A specific feature of public art strategies in the new century is the short duration and finiteness of various actions in the space of a modern city. Muralism is a form of artistic development of large-scale fragments of buildings, located at the junction of social, utilitarian and purely artistic tasks of actual architectural practice. The facilitation of local orientation and practical navigation, presented in the form of non-repeating art panels, also reflect the practical tasks of creating elements of urban design. If desired, individual expressive deer can become the basis of the overall design code of a particular area or even a small city in order to distinguish it from comparable neighboring settlements.

Murals and large-scale fragments of street art in the structure of the urban picture find a significant response in the perception of residents of different countries, since this is an artistically designed and quite variable example of combining modern street art with a strategy approved by municipal authorities to increase expressiveness of the urban environment.

In recent years, the picturesque techniques of modern muralism have played a big role in facilitating navigation within the same type of buildings of mass development and giving large residential complexes additional individuality, which turns out to be an affordable technology for transforming the environment in cities with a wide variety of financial potentiality. As it was mentioned earlier, large-scale paintings on the facades of buildings are always a consistent format for the presence of art in urban space. Any temporary festivals of street art are the result of an agreement with the authorities. Often (before the pandemic), almost every such festival gathered significant international teams of artists formed within the framework of different cultural traditions. This creates a very diverse artistic environment in its figurative content in a limited area and effectively “assigns” a pronounced character to individual typical structures (Fig. 6).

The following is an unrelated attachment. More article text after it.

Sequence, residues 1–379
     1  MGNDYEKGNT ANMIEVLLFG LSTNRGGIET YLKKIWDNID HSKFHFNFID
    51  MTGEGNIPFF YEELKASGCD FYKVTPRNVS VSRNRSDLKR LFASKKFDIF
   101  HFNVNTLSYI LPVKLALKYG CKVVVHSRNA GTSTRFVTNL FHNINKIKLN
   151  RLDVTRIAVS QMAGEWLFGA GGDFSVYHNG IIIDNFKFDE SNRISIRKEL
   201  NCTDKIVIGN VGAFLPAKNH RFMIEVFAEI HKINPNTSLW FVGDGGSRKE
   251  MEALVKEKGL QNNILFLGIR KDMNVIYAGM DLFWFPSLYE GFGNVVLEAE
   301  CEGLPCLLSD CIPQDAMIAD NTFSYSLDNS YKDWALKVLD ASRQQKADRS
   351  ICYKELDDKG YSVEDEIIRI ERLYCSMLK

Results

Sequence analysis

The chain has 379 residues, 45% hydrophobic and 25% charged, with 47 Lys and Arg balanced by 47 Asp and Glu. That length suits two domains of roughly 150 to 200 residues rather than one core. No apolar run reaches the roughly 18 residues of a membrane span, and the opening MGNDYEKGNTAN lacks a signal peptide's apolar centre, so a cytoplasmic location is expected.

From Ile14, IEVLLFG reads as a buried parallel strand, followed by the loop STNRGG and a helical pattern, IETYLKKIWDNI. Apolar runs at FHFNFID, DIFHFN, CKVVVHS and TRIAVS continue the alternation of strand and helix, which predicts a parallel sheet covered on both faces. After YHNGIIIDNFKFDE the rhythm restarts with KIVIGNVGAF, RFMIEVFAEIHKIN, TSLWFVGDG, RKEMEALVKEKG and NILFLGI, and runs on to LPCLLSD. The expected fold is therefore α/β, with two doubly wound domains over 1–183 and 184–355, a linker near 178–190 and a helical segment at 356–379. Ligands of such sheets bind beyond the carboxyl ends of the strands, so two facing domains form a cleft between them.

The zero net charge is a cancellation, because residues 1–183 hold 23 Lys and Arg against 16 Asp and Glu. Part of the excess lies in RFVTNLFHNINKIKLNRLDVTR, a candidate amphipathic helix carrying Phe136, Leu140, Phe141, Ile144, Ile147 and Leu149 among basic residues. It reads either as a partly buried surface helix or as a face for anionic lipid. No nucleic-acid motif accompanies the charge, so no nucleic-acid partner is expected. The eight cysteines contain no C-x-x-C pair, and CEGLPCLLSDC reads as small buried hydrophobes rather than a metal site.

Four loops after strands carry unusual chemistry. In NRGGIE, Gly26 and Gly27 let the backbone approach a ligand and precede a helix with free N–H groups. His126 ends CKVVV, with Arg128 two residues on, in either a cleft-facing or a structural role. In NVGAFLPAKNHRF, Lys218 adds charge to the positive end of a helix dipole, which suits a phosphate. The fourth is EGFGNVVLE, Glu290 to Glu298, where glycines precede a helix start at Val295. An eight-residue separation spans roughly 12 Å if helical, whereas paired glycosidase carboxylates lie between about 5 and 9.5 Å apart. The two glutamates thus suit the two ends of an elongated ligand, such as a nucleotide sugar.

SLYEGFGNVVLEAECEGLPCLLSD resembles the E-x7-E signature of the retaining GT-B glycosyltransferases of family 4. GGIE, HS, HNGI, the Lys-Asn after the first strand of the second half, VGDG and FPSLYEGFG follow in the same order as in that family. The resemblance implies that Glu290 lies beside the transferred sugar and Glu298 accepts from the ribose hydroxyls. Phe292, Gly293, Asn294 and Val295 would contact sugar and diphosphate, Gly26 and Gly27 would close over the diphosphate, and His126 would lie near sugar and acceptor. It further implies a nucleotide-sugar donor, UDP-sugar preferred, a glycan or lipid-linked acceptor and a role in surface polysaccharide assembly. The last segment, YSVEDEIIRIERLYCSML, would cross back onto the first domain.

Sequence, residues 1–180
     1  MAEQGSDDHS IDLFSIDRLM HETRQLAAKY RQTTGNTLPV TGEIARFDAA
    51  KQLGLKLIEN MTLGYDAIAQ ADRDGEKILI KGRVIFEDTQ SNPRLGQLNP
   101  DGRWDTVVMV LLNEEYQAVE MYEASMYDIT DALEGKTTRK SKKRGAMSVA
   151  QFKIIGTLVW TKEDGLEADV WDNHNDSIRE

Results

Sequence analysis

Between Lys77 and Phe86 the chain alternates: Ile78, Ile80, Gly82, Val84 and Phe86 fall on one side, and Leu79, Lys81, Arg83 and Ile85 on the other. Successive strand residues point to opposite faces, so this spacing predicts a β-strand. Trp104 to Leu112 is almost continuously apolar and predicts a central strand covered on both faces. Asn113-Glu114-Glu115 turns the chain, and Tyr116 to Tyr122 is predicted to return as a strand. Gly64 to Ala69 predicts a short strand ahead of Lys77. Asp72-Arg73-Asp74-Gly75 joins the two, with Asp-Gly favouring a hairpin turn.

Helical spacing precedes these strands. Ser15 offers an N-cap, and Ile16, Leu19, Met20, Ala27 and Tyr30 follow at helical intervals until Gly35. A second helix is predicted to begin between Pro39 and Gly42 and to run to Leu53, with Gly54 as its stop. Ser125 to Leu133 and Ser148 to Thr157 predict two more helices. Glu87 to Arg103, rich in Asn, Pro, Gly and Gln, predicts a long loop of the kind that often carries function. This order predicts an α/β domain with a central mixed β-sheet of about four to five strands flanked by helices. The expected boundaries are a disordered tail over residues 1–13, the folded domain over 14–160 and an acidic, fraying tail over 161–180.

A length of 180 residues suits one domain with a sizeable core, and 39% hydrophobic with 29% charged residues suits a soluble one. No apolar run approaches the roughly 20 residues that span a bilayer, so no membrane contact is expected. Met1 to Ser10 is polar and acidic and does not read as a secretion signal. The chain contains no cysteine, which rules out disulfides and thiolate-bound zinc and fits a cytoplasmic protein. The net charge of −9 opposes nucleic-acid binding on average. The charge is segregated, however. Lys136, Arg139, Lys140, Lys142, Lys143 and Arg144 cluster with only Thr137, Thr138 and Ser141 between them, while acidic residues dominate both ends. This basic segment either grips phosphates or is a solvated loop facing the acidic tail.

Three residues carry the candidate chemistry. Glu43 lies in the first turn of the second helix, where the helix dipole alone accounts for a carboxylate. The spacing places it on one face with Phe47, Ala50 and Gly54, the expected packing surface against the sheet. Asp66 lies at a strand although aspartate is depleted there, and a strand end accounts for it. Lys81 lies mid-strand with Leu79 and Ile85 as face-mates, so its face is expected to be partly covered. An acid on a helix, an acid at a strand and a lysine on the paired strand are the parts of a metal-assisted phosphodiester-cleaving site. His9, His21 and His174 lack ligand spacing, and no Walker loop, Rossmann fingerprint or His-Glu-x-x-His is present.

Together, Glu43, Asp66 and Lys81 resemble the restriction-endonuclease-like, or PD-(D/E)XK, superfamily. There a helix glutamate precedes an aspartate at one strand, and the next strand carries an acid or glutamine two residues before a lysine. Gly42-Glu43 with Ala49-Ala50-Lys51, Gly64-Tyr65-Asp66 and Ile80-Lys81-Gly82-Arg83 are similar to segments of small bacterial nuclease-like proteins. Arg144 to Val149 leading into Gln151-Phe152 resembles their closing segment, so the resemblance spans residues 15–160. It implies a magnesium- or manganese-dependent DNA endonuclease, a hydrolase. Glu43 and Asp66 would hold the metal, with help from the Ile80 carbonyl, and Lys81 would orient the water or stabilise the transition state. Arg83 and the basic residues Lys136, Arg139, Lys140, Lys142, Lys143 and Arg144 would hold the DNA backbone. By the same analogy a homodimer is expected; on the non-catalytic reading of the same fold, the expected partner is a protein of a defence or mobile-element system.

This method contributes to a greater stylistic and artistic diversity of the transformed urban fragment, which often causes quite notable support from the citizens. Most of the authors of famous murals have a very wide geography of the execution of their plans. Therefore, it is obvious that many street-art artists work in a recognizable author's manner and successfully exploit certain themes or plots, performing variations of their ideas in different cities.

Figure 6

Murals in the residential development of Orsk, Russia (2020).

Figure 7

Murals on a typical building (Street Art Festival in St. Petersburg, Russia).

In modern Russian public practice, the mechanism for implementing the ideas of a street artist is a little simpler than in the late Soviet period. But sometimes it is not so easy to get approvals. And even more often, one-time street art actions are artistic statements of protest of a group of interested citizens and city activists. But this is by no means hooliganism, as in early graffiti (especially American) of the 1960s-1970s, but the result of a desire to decorate a house, yard, and neighborhood and transform an entire city. But if the chamber work of a street art artist is performed without proper prior approval, then his fate in the future is uncertain. In some cases, and not only in Russia, the lack of a proper legislative framework confuses both the city services and the artists themselves, who do not know who to negotiate with so that their work remains for a long time and is not destroyed. Currently, in many countries, there are precedents of a more positive attitude towards muralism and street art on the part of the authorities, and the programs of street art festivals are included in urban development programs, which is confirmed by the progress in local legislation.